From the outside looking in, she can see that an obsessive disorder diagnosis wouldn’t be far off the mark, that her behavior comes damn close to stalking, even though she has tried to shut all connections to him down. It’s not good to have a constant feed of anything, but especially not this. She doesn’t want to know what he’s doing.

The waters are confusing now. Is she sinking or swimming? What once felt like breaking the surface now feels less clear. She feels unable to draw a fresh breath.

This is the behavior of a crazy person. A person so freaked out by what is or isn’t happening in her life that she embraces distraction. The best thing she could do at this point would be to throw the phone into the Sound. She can imagine standing on the sidewalk above the shore, watching it sink into the green gray water, the light going out, a feeling of freedom, a lightness of being. She might look like a figure in a painting, leaning against the railing, long hair blowing back, dark but luminescent clouds on the horizon. It might feel very, very good to disconnect in such a dramatic way.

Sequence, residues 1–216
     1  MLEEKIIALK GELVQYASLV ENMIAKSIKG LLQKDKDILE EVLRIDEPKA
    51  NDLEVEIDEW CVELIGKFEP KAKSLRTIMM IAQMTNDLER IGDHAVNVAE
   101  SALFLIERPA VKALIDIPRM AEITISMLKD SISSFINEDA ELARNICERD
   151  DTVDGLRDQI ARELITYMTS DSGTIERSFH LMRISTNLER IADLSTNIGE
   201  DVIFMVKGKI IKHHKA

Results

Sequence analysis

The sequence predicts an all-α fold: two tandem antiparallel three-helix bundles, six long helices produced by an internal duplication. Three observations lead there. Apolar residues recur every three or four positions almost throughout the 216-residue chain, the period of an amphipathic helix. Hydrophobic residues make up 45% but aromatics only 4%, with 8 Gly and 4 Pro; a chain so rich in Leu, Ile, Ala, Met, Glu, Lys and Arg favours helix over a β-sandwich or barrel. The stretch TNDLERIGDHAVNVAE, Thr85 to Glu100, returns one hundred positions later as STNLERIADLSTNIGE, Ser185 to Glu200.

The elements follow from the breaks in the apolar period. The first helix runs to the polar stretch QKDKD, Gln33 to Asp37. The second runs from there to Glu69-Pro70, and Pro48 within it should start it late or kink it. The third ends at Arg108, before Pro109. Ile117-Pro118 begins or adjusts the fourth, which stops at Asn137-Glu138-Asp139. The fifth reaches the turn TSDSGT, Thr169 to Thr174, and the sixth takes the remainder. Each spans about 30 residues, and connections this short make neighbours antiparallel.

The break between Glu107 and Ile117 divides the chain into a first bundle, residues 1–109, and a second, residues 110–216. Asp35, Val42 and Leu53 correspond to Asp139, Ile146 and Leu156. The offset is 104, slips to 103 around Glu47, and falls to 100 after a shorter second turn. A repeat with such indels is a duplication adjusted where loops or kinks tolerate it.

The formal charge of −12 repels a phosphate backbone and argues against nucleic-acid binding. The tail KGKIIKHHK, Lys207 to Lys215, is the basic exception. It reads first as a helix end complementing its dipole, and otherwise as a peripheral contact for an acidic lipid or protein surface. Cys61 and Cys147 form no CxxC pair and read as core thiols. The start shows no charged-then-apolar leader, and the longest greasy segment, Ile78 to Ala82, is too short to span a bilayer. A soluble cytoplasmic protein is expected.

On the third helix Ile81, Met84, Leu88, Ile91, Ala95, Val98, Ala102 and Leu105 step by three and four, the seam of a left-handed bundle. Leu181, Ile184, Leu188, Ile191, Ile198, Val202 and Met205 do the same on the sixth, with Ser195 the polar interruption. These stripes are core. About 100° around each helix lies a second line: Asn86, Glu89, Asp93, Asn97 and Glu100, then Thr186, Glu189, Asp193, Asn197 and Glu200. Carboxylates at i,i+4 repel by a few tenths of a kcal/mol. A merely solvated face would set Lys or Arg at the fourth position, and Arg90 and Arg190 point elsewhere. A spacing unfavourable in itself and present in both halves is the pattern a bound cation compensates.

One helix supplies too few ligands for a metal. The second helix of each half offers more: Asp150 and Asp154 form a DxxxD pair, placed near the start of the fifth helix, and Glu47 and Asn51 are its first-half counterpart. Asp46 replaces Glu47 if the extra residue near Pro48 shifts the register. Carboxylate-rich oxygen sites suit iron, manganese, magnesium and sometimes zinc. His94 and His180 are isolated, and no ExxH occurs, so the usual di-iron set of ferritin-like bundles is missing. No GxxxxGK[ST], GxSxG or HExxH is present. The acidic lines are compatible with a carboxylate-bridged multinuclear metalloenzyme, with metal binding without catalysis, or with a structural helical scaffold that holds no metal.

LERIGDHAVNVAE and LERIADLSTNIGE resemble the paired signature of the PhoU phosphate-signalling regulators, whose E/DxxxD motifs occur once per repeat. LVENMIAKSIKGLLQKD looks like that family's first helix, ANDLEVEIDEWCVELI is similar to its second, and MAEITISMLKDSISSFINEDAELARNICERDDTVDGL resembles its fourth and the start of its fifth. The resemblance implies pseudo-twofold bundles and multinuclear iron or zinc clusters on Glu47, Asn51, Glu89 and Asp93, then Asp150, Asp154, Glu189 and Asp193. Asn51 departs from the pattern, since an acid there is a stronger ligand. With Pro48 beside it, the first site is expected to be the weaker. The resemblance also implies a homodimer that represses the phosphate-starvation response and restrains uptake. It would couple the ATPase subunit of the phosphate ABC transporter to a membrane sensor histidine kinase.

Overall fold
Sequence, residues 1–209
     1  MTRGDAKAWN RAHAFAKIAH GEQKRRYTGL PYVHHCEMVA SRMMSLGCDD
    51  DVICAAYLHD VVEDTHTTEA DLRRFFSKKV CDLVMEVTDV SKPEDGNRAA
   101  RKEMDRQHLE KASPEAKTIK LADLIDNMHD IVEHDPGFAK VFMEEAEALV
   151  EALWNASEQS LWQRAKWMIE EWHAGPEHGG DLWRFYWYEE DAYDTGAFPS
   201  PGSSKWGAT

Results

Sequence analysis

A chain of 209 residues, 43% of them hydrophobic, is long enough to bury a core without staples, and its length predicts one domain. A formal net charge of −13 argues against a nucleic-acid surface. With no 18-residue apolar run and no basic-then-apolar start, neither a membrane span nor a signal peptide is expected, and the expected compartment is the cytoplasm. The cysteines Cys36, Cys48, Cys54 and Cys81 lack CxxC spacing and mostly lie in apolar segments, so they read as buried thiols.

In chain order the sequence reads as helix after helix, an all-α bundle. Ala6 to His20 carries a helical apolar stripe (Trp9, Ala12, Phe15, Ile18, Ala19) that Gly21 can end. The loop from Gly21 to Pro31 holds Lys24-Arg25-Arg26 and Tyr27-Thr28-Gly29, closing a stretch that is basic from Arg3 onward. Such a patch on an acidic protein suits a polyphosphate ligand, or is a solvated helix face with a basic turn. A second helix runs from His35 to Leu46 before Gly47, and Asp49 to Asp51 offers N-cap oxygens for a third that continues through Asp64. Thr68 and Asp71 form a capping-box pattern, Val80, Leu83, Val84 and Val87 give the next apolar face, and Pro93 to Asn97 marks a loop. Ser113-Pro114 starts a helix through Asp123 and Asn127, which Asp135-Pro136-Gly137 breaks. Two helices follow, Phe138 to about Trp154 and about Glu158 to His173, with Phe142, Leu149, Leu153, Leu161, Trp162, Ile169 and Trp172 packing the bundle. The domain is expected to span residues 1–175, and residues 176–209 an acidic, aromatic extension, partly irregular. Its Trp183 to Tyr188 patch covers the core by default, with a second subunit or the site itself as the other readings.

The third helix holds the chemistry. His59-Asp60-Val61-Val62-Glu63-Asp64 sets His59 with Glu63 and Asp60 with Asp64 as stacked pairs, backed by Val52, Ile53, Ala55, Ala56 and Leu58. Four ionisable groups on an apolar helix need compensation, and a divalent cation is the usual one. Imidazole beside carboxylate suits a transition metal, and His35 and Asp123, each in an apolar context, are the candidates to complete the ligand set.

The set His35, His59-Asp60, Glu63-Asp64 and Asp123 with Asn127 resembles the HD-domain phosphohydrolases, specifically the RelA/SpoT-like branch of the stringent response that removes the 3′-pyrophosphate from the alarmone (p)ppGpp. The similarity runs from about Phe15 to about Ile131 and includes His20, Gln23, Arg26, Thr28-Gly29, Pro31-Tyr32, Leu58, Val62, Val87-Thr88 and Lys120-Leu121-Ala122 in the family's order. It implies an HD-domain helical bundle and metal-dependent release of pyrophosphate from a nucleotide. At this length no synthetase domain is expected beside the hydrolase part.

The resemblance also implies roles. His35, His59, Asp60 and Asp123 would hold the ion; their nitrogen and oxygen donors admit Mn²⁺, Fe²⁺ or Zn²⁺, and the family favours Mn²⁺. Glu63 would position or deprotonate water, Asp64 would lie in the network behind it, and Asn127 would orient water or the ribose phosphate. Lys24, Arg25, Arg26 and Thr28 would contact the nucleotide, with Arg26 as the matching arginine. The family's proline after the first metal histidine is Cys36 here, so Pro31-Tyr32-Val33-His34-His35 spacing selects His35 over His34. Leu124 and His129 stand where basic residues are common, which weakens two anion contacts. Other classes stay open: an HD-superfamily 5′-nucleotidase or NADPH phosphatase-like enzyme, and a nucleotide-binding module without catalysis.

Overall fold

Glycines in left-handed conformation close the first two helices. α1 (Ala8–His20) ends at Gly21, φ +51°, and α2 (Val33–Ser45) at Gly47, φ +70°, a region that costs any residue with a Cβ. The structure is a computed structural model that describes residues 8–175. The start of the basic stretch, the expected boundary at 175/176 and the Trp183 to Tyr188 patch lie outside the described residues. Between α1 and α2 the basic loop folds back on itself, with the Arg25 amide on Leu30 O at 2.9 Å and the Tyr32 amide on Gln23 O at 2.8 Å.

When she’s able to think clearly, she can see what needs to happen. She tells him, no more. She makes the effort to explain, to close it down, to give him a clear offramp, one that doesn’t require admitting or confessing anything. She feels the finality of it. She cries. But it gives her something to feel. He’s in the abyss, unchanged by her changes, and she knows she needs to be much stronger to live there with him. She goes a week without checking her phone. Facebook, email, LinkedIn, Words with Friends, text—she steers away from all of it.

And then it buzzes. Him. A message with just enough context to make her question herself, to make her wish she could be different; lighter, freer, less hung up on the specifics. And her heart aches again, because there’s not enough to make her buoyant, and not enough to sink her either. He holds her, like a kite, pulling on the string just enough that she remembers there is one.

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The art of tension